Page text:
Valter Ennis Pilcher Jr., professor of physics emeritus and author of a comprehensive history of early science at Union, died on Sunday, Dec. 20, 2009 at his home in the Glen Eddy in Niskayuna. He was 84.
Known by his middle name, Ennis was born in Savannah, Ga., son of Valter Ennis Pilcher Sr. and Ida May (nee Findley) Pilcher. He earned B.S. and M.A. degrees from Emory University and a doctorate of engineering science from North Carolina State College. He specialized in nuclear physics, doing doctoral research at Brookhaven National Laboratory, where he later worked two years as a staff physicist.
In 1956 Ennis joined the Union College Physics Department, preferring an academic career to the frenetic pace of full-time research. He loved teaching and working with students and colleagues over the next 30 years.
“In many ways, he represented the ideal of what a college professor ought to be,” said Ken Schick, a longtime colleague. “He was a wonderful teacher and a really fine person with whom students and colleagues could talk about anything.”
For many years, Ennis and his family were at the center of a lively social scene that included many colleagues and their families that often spent winter weekends together in the Adirondacks, Schick said. During those trips, Ennis, who had a “wonderful singing voice,” often broke into song, Schick added.
At Union, he enjoyed four sabbatical leaves which combined academic work with travel and service. In 1962-63 he worked in a Swedish Atomic Energy Research Laboratory at Studsvik. In 1968 he received a Fulbright Fellowship to teach in Ethiopia at Haile Selassie University in Addis Ababa. He also represented Volunteers for International Technical Assistance, as liaison between technical experts in Schenectady and development projects in Ethiopian villages. He took to Ethiopia a moldboard plow, and demonstrated the advancement to officials and farmers in a northern province. His third sabbatical involved research at the State University of New York at Albany.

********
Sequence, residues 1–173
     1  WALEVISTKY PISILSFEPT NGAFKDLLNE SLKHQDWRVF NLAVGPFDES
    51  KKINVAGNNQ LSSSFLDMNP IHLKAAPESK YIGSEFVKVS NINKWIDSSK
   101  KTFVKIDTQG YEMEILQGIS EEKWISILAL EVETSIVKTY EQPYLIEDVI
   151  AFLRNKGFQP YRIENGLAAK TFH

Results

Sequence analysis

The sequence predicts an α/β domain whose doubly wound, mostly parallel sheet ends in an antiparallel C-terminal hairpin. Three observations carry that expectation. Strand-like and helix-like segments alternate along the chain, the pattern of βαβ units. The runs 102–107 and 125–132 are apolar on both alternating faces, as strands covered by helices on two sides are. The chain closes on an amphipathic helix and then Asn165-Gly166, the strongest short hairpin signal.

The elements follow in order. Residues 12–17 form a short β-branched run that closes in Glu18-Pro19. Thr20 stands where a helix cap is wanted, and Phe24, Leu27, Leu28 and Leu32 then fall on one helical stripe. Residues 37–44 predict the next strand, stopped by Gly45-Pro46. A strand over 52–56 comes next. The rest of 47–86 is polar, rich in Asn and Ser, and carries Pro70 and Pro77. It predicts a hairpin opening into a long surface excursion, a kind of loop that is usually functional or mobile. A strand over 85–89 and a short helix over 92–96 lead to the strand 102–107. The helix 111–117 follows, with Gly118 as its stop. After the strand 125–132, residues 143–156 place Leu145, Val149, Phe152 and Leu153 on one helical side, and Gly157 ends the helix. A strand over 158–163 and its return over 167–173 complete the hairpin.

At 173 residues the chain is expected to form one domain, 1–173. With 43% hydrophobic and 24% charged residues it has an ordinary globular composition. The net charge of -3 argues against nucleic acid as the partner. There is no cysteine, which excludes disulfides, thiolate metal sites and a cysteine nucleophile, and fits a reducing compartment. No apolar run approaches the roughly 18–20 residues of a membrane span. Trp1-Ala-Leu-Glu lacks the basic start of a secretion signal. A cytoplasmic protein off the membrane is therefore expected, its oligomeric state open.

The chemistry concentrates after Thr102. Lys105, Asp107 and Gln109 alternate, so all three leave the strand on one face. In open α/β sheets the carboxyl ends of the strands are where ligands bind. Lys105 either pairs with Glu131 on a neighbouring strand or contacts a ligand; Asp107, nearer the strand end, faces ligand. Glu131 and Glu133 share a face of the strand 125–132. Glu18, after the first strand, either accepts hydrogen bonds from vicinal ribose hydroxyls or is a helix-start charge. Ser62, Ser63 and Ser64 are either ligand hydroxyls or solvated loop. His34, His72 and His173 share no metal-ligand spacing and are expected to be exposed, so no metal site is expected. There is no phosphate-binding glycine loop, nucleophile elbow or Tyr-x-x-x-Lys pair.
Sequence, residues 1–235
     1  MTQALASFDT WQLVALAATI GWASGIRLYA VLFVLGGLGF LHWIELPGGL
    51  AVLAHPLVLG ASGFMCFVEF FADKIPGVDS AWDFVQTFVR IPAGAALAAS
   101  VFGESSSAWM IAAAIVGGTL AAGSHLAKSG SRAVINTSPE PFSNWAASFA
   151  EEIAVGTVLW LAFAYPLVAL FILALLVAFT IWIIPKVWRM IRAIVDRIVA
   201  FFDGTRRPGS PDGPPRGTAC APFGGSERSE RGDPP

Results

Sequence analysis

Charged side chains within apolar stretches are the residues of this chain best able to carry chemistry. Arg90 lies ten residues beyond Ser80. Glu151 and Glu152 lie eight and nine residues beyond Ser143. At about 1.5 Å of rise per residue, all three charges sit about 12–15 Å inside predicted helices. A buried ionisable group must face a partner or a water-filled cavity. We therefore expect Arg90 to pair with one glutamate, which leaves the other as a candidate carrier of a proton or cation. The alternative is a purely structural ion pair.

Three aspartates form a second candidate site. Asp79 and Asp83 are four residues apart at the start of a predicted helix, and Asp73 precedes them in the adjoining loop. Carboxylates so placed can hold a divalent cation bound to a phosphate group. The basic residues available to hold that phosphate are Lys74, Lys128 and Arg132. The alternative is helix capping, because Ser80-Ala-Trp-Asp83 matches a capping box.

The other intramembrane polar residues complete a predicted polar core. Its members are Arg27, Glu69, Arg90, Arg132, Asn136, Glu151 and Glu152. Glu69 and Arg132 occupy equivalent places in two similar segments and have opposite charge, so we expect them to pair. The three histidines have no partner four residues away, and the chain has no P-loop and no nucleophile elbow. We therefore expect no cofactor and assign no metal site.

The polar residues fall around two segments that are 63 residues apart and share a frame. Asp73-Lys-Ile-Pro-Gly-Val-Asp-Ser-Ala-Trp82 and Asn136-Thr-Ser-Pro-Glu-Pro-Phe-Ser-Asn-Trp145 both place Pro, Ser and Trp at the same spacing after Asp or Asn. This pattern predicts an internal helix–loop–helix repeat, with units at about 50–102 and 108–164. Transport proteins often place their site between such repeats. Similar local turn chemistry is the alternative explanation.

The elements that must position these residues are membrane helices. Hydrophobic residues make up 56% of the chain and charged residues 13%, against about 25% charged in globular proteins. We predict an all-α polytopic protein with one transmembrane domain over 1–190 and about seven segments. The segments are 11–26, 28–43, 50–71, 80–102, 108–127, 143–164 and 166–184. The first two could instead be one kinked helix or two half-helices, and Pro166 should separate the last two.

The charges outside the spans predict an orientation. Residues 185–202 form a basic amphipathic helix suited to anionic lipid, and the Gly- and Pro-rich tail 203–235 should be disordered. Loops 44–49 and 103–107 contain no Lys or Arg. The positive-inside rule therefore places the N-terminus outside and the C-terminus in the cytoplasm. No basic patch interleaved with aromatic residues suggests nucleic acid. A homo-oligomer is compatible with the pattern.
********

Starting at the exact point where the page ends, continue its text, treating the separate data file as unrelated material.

Ennis was very involved in the identification and protection of Union’s collection of antique physics apparatus. During his fourth sabbatical, he visited several physics departments in other universities which had similar collections. Before and after retirement, he spent many hours helping to catalog and protect Union’s instruments, photographing them for display on the departmental website. He spent many hours sifting through old apparatus in the attic of what is now the Arts Building, Schick noted. He wrote and self-published a history titled Early Science and the First Century of Physics at Union College, 1795-1895. Its publication coincided with Union’s bicentennial anniversary.
Ennis married Edith Bendow in Teaneck, New Jersey in 1950. Survivors also include two children, Steven Walter Pilcher and Dorothy Jane Pilcher; five grandchildren; and two great-grandsons. The family spent many active summers at their cabin at Big Moose Lake in the Adirondacks, where they have been involved in conservation activities.
Ennis’ body was donated to Albany Medical College for medical education or research. A memorial service will be held on Saturday, Feb. 6 at 2 p.m. at the First Unitarian Society at 1221 Wendell Avenue, Schenectady. In lieu of flowers, the family suggests contributions to Special Collections at Schaffer Library at Union College or Community Hospice of Schenectady, 1411 Union Street, 12308.